Fourth Line: Brandon Prust – Manny Malhotra – Dale Weise
Manny Malhotra is a shoo-in to start the season as the team’s fourth-line center. He may not last the entire campaign in that spot, but his success rate in the face-off circle last season (59.4 percent, ahead of Boston Bruin Patrice Bergeron’s 58.6 percent) should be enough for him to get an extended chance to prove himself there.
Similarly, Dale Weise is a good bet to find himself out of the lineup at times during the season, but his strong playoff performance (seven points) will likely be rewarded. His speed and size (6’2”, 210 lbs) are also assets that could serve him and the team well.
In sharp contrast, Brandon Prust did not have that great of a postseason (or regular season in all honesty), but he has one thing Malhotra and Weise do not: a $2.5-million salary. Look for Prust to get every opportunity to earn his inflated pay this coming season, starting on opening night.
The team’s two remaining forwards, Michael Bournival and Travis Moen should draw into the lineup should Therrien be looking for excess speed or toughness (in that order) on a given night.
Top Defensive Pairing: Andrei Markov – P.K. Subban
No, 35-year-old Andrei Markov will likely not last an entire 82-game season on the team’s top pairing with P.K. Subban, but he could realistically start out there.
Ideally, the Habs would instead have a left-handed defenseman in that spot, one who’s mobile enough to cover for Subban whenever he pinches, but enough of a threat offensively himself that opponents can’t double-team the former. Two out of three isn’t bad. I mean, it’s not great, but it’s what the Habs had with Josh Gorges whenever he drew in as Subban’s partner.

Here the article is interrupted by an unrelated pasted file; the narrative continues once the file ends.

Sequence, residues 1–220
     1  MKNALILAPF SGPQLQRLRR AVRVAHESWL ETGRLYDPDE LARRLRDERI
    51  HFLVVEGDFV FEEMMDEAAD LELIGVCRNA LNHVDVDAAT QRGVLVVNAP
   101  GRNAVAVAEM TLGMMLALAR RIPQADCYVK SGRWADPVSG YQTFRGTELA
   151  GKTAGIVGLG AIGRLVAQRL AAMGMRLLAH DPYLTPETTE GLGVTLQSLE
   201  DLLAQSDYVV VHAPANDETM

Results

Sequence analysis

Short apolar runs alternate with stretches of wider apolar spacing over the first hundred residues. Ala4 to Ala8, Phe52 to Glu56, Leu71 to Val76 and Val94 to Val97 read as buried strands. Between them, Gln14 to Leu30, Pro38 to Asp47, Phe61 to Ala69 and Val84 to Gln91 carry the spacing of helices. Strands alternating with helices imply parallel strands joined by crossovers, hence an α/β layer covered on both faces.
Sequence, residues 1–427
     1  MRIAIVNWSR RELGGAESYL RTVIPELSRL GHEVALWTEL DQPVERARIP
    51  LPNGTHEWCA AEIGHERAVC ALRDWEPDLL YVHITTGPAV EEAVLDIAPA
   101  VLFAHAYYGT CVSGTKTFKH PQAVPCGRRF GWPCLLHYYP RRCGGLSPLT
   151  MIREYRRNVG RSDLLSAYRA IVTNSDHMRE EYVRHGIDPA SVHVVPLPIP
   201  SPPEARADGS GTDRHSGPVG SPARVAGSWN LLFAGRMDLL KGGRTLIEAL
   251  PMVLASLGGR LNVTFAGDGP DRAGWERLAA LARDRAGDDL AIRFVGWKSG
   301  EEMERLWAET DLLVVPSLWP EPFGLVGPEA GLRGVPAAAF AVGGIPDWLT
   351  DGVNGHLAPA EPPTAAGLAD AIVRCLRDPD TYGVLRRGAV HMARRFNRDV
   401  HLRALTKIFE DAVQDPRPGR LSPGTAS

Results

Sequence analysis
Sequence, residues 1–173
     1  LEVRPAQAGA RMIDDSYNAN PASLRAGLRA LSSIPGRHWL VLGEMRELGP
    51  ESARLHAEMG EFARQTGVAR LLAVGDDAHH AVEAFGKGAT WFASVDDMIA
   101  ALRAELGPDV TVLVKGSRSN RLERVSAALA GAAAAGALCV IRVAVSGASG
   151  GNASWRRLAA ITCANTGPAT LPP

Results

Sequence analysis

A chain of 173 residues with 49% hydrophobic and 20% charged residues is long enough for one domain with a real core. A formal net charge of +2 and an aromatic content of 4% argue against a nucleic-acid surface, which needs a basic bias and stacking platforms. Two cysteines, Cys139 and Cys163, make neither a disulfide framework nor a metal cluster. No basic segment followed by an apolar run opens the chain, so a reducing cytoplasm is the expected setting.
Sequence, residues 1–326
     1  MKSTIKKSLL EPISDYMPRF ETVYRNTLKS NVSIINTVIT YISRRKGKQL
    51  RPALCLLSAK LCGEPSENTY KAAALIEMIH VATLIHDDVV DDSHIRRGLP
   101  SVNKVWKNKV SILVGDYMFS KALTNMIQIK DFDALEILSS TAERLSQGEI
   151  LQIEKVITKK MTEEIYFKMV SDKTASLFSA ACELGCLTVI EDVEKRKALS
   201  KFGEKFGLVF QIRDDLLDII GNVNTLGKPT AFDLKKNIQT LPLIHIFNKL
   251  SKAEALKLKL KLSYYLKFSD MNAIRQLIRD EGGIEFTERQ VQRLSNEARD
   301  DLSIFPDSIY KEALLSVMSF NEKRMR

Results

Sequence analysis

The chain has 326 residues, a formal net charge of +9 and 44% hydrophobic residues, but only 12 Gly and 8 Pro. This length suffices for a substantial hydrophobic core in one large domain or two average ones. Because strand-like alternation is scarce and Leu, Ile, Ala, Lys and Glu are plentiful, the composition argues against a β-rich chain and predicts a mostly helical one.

Second Defensive Pairing: Alexei Emelin – Tom Gilbert
While in past years, shutdown defenseman Alexei Emelin served as Markov’s defensive partner, both can now play on the left side—their natural position—with the acquisition of the right-handed Tom Gilbert.
Gilbert is a legitimate second-pairing defenseman who can help out on the power play. Regularly pairing him with Emelin is the most logical move here. Ideally, sure, Gilbert would be able to speak Russian. Seeing as on the ice, the only language Emelin seems to speak is “hitting,” it shouldn’t make much of a difference, though.
Third Defensive Pairing: Nathan Beaulieu – Mike Weaver
While he had to wait until July 1 to get re-signed by the Habs, there was little doubt Mike Weaver would be back. His cost-effective contract and performance during the playoffs (50 blocked shots to lead Montreal) essentially made the more expensive Gorges expendable due to the need to re-sign Subban.
While Weaver will likely never get first-pairing minutes, he will see his fair share of ice time on the penalty kill. In many ways, Nathan Beaulieu is his polar opposite, a smooth-skating 21-year-old who could realistically see time on the second power-play unit.
Dismissing a nonsensical RDS report that Francis Bouillon and the Habs are in “intense” negotiations to bring the defenseman back for another year, either Beaulieu or Jarred Tinordi, if not both, should make this team out of training camp.
Signing Bouillon would only serve to block the progression of the team’s two top defensive prospects (and give Therrien an excuse to continue giving a defenseman who has a single power-play assist over the last three seasons significant ice time with the man advantage). In the hopes that Bergevin is really done this summer, look for Beaulieu to get the nod out of training camp.